>in excavations. Is anyone looking for them?

Yes.  <SARCASM> CIMMYT has set up a special task force, and it is looking...  
They have earmarked (pun intended) a significant amount of their dollars just 
to look for cobs so Mr Kuchinsky can help Mr Johannessen's case and become 
famous as the Knight Of Indian Maize.</SARCASM>

>b) The evidence from studying maize genetic liniages alone can tell us
>when maize arrived to India. This work is being done now. 

And...?  Should not we wait until the experts publish their results before 
writing our self-fulfilling poems?

>c) Our ability to find and analyse ancient plant pollen is constantly


>So THIS IS where the final confirmation will come from, I believe. The
>carvings are merely a strong indication that maize was in India
>pre-Columbus. They should point us towards further research.
>Do you understand my point now? I should hope so...

No, because I do not know through which personality stage you are going 
through (see the paragraphs pasted above).  I doubt that the concept of "now" 
you use coincides with mine.

>"I do not intend to go back to the question of whether the word _kumara_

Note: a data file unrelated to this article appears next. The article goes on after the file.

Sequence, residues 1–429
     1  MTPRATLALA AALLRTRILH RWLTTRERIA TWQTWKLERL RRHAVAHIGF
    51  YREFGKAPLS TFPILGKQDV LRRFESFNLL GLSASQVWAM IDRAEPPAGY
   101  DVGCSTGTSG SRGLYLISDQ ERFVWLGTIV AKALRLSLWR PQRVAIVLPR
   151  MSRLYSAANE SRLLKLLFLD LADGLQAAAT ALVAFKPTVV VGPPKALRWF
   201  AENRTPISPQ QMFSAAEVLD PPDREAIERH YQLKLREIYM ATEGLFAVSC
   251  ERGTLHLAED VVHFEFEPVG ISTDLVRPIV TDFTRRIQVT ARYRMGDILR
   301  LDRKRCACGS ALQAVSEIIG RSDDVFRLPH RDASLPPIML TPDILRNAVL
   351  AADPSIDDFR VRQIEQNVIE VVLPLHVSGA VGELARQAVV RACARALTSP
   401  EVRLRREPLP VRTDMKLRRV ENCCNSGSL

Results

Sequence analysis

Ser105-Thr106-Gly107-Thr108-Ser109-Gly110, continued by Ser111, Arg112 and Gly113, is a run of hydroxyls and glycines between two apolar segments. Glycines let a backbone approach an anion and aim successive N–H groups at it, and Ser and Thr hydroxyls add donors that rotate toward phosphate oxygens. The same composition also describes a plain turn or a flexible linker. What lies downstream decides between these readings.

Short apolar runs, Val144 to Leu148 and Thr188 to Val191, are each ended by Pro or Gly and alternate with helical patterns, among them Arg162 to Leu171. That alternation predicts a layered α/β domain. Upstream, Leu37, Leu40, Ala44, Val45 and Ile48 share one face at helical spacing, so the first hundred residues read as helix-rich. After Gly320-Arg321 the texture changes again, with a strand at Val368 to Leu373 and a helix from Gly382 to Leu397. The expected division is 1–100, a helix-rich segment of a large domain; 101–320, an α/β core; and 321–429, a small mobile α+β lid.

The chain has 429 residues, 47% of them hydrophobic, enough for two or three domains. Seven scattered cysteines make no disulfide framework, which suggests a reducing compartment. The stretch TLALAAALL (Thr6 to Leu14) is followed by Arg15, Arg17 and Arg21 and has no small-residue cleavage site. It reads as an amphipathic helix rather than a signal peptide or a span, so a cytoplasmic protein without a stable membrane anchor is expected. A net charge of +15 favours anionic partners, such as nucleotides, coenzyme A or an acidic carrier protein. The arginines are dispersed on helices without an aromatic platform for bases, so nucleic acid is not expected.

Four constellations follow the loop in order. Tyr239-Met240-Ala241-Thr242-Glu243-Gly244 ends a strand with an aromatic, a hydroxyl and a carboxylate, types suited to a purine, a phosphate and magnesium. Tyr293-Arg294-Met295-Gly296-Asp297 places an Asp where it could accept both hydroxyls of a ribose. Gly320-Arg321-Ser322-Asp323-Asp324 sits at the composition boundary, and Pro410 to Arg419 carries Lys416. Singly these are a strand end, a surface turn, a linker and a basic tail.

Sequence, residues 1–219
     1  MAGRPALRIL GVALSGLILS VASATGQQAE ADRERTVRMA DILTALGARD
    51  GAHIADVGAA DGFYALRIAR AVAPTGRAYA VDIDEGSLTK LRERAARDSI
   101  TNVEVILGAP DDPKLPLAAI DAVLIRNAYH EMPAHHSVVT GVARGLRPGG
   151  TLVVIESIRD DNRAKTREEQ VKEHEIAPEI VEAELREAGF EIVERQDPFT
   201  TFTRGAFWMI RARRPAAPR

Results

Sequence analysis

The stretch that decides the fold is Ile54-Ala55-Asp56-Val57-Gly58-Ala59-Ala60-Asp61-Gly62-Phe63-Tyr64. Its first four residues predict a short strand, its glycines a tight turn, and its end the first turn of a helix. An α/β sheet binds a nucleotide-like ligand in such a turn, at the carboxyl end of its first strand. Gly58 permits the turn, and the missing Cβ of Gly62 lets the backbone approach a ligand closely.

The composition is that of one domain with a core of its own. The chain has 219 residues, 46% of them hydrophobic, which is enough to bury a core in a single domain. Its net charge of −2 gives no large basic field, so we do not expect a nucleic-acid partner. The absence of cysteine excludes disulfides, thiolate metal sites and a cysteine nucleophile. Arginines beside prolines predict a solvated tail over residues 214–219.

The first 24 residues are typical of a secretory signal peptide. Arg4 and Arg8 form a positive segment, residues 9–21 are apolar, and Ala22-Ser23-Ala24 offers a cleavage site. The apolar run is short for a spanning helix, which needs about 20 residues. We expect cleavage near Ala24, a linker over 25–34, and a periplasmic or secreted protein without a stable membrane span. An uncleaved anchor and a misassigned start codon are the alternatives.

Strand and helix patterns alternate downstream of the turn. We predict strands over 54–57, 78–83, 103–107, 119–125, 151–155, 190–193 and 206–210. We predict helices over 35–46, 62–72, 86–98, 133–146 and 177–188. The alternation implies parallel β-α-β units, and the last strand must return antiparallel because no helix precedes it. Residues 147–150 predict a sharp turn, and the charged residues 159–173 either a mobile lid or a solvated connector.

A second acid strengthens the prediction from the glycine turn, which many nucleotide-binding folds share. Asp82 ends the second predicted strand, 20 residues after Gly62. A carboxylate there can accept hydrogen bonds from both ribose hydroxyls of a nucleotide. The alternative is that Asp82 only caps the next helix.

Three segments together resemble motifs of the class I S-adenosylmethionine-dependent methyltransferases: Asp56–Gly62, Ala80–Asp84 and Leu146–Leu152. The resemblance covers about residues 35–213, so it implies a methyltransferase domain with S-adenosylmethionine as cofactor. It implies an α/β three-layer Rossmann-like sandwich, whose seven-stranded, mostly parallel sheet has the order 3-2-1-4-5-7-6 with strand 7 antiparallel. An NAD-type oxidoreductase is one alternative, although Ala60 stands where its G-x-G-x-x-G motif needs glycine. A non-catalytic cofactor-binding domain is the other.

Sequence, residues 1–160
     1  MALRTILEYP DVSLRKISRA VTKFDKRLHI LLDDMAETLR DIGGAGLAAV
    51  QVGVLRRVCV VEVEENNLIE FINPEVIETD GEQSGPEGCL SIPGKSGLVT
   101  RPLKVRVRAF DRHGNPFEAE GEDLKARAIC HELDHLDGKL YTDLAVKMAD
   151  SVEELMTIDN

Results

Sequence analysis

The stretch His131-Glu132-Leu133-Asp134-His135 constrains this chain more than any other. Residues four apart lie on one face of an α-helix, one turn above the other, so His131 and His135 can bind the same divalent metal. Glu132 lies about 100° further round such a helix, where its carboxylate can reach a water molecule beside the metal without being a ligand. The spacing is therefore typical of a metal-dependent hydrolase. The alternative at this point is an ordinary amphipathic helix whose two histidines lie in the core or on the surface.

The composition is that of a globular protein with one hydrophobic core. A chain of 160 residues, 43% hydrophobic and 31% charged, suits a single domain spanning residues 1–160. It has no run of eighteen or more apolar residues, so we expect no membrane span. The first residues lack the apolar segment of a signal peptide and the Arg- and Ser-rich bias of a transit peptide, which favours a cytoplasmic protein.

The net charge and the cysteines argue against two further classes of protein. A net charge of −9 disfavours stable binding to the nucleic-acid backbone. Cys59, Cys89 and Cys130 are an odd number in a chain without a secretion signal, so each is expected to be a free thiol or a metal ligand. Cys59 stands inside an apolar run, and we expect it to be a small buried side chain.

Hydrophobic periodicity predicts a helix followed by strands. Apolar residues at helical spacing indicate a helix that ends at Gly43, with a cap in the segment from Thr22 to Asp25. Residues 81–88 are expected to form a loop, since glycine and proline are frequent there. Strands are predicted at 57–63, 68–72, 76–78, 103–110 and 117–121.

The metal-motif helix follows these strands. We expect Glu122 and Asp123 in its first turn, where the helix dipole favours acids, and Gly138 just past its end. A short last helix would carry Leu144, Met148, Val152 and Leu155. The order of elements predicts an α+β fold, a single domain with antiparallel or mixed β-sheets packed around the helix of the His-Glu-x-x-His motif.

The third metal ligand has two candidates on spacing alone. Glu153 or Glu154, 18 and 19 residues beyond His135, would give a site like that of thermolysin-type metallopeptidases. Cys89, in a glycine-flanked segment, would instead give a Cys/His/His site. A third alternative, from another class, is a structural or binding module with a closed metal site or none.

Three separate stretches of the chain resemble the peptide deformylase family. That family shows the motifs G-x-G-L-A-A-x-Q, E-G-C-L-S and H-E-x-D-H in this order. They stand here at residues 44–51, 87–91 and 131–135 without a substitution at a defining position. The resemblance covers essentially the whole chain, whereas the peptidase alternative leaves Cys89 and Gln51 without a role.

>[signifying sweet potato, _Ipomoea_], which has reflexes in most
>Polynesian langauges, is of South American Indian origin. The case for it
>has been proven beyond doubt (Yen 1974)" (p. 98)

A new thread, Yuri?  True to your style, huh?  Another "beyond doubt" thingy?  

>So how about you try this one on for size, Domingo?

No thanks, not interested.  My interest is not to disprove theories. Get it?

>And do I really need to explain to you that the case for the
>human-assisted diffusion of potato west from America pre-Columbus
>significantly strengthens the case for the similar diffusion of maize? I
>hope not...

Me too. :-)

>: And do not expect for people in these forums to be able to disprove
>stuff that : you put forward, because "disproving" cannot be done, as
>people have : repeatedly said here. 
>Well, I can disprove to you right now that I'm not Anasthasia, the heir to
>the Russian throne.

Do not tempt me, Anasthasia, don't do it.  You have chosen another bad 
example, because nobody knows what happened with you after 1917.  It is very 
hard to disprove that (even though I do not know why it would be necessary: if 
you want to be Anasthasia, or Nostradamus, go ahead: I will not complain).

>Or that you are not Napoleon... 

In that we agree, and I do not know anybody else interested in 
probing, let alone proving,  such a ridiculous thing.

>Historical hypotheses
>certainly can be disproved through finding new evidence. Perhaps you
>should brush up on these theoretical considerations... 

Yes master, please teach us... NOT!

>Yes, but on the other hand, we can prove that technology existing at the
>time was sufficient for constructing it.

What for? That does not help us with our alien hypotheses.  <SARCASM> 
Actually, is anybody looking seriously into the alien-built mounds along the 
Mississippi and Ohio valleys? Why not? </SARCASM>

Now I go away to become whole after having sinned.



Domingo Martinez-Castilla